Baythorne Park Estate sits on the Essex-Suffolk border.

Strutt & Parker’s farms and estates supremo, Mark McAndrew, is full of the joys of spring as he oversees the launch, in today’s Country Life, of the late Julian Watson’s peerless Baythorne Park estate, which sits either side of the River Stour at Baythorne End, on the Essex-Suffolk border.

Not only is the prestigious 676-acre holding—for sale through Strutt & Parker (020–7629 7282) for the first time in 65 years at a guide price of £11 million—one of the best residential and sporting estates to come to the market this year, it’s also one of few historic country estates to be offered for sale in East Anglia since the start of the downturn in 2008.

The interiors are spacious and elegant.

Its focal point is Grade II-listed Baythorne Park, which, according to White’s Directory of Essex (1848), ‘has extensive grounds and stands on a bold acclivity above the river Stour… The present house was built in 1668 by George Pyke, whose father purchased the estate in 1640, and whose descendant, of the same name, took down the gate and court walls in 1801, and new-fronted, sashed and greatly improved the house’.

The estate remained in the family for more than 200 years, before being bought in the late 1800s by another local landowner, King Viall. In the 1930s, it was the home of Maj Bertrand and Mrs Rambaut, who was lady of the manor of Baythorne End. Baythorne Park was purchased by the late Mr Watson in 1952, when he moved from his own family estate in south Hertfordshire; he was to live there until his death in May last year.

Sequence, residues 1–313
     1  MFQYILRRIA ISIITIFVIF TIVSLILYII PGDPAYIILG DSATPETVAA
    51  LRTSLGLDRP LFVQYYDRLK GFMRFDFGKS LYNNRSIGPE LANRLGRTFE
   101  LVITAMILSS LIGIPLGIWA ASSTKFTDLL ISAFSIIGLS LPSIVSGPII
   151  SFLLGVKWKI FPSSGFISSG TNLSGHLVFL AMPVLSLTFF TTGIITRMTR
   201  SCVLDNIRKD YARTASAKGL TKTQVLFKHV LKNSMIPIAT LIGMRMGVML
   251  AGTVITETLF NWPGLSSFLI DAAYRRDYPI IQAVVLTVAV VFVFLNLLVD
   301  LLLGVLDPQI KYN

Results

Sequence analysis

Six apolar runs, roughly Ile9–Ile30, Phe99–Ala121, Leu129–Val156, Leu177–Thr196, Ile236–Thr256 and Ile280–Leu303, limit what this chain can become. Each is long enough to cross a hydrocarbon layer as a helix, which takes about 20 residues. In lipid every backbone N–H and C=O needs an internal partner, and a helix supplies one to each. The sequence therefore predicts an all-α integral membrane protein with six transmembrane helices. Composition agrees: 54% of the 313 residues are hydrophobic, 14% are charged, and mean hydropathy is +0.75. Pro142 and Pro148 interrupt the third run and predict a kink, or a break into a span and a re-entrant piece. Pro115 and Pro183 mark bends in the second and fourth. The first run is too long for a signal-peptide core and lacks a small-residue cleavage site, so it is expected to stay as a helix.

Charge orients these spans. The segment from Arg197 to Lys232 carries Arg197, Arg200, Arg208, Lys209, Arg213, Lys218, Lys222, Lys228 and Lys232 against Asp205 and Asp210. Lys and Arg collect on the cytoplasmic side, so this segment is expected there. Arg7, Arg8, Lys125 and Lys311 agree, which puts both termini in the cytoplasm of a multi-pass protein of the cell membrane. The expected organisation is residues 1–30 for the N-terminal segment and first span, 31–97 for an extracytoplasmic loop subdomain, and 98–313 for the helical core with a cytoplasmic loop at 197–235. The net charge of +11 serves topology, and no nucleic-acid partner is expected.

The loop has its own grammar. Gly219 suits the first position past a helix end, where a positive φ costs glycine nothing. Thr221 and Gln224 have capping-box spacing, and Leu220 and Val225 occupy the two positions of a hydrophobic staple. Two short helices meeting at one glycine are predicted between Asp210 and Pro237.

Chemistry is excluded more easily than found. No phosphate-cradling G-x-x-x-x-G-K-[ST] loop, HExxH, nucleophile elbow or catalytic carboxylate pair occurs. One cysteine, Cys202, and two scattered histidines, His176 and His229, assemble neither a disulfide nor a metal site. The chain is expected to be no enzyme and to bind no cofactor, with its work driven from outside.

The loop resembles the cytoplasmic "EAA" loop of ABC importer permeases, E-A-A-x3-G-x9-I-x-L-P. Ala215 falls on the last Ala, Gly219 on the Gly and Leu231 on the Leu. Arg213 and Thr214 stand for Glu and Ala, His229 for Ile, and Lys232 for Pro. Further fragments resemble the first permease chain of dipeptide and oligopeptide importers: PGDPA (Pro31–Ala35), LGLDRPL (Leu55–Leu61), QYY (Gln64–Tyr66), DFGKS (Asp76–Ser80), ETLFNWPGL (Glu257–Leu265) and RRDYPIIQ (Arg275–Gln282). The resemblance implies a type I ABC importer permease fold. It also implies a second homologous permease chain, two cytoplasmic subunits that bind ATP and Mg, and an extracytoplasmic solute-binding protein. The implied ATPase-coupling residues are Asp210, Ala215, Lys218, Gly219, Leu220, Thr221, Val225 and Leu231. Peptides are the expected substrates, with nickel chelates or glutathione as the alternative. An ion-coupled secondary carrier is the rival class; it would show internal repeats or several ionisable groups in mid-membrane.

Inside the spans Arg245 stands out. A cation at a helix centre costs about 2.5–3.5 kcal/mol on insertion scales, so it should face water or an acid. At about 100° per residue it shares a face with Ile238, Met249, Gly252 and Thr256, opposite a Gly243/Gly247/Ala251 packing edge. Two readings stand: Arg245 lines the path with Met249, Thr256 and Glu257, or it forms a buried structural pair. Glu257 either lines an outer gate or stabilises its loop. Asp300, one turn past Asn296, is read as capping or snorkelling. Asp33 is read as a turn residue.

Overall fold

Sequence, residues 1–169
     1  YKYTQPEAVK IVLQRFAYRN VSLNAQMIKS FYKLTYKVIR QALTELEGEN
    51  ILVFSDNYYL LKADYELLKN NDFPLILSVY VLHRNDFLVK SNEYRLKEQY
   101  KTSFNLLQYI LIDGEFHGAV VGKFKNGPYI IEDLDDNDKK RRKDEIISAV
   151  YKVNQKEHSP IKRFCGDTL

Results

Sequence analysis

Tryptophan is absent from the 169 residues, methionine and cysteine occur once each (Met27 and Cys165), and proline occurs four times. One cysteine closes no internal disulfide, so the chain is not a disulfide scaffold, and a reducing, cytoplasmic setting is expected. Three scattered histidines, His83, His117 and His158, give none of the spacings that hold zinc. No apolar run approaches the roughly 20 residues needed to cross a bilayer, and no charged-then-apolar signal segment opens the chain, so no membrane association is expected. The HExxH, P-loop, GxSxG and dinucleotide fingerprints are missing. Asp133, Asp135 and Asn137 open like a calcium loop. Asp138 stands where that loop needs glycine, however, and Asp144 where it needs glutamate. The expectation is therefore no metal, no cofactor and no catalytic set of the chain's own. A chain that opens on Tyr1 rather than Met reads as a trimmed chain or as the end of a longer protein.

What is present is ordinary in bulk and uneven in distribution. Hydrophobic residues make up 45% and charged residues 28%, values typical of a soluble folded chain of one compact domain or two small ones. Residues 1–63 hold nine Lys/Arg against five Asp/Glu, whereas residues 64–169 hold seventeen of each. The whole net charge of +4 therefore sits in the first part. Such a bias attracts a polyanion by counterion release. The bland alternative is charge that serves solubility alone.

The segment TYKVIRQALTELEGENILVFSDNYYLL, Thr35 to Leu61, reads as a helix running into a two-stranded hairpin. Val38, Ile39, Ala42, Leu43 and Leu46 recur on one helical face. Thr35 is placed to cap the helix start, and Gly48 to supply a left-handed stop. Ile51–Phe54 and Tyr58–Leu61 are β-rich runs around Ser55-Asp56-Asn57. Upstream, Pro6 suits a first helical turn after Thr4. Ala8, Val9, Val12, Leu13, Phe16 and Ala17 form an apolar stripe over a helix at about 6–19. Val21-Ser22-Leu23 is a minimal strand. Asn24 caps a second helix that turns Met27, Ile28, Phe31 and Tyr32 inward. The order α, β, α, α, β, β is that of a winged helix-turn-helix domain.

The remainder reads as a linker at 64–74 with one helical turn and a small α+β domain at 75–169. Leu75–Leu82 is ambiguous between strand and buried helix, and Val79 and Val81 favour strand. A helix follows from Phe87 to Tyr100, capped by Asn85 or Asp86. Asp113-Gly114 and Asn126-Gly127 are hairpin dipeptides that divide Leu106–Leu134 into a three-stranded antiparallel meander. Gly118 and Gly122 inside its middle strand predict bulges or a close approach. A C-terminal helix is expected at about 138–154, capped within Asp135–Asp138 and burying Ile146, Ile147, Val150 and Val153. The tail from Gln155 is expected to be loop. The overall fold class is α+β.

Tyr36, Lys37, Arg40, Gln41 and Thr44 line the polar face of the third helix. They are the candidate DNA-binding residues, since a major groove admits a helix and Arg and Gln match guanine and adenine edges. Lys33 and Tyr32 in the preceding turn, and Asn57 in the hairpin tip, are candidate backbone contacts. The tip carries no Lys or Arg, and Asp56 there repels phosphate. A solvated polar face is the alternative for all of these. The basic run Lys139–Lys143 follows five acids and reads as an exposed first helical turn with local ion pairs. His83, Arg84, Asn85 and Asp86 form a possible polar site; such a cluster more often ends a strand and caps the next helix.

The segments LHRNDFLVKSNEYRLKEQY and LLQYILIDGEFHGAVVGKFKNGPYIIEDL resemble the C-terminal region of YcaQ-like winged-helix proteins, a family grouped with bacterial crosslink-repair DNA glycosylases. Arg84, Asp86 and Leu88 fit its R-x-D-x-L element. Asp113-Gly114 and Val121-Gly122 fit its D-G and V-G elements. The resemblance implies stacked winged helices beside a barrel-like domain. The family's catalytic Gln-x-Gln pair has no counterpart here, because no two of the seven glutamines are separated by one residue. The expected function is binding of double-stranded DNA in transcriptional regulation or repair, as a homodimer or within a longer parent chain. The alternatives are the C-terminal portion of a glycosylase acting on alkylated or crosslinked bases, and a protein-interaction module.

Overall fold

Described by those who knew him as ‘a sporting gentleman of the old school’, Watson immediately set about improving the estate, renovating the mansion and modernising the farm and its buildings. This part of Essex is famous for its trees and Watson’s Arcadia includes the wonderful tree-lined avenue that leads up to the house, with other woodland scattered around the estate—a landscape perfectly designed for Baythorne Park’s long-established shoot.

Immediately surrounding the mansion is the estate’s 48 acres of parkland, which boasts some magnificent specimen trees. Otherwise, most of its 60-odd acres of woodland comprises broadleaf and conifer trees, with some cricket-bat-willow plantations tucked away on the eastern edge. The remaining acreage includes 433 acres of easily worked arable land, 111 acres of grazing and eight acres of river and lakes.

The house built by George Pyke around its 17th-century heavy-timber frame was altered in the early 1800s with the addition of a two-storey service wing on the south-west corner. Little altered during Watson’s lifetime, the agents tactfully suggest that ‘although the mansion is ready for occupation, it would benefit from some sympathetic modernisation’. Its 8,075sq ft of accommodation includes three main reception rooms, a study, a kitchen, a breakfast room, domestic offices, a master suite, seven bedrooms and three bathrooms.

The gardens surrounding the house include areas of lawn with some fine specimen trees and a secret wooded area that hides the tennis court. Behind the mansion, a sheltered area conceals the swimming pool and pool house. To the side of the mansion is Stable Court, a three-bedroom house converted from the original stables in 1969. Other residential buildings include a farmhouse and five estate cottages.

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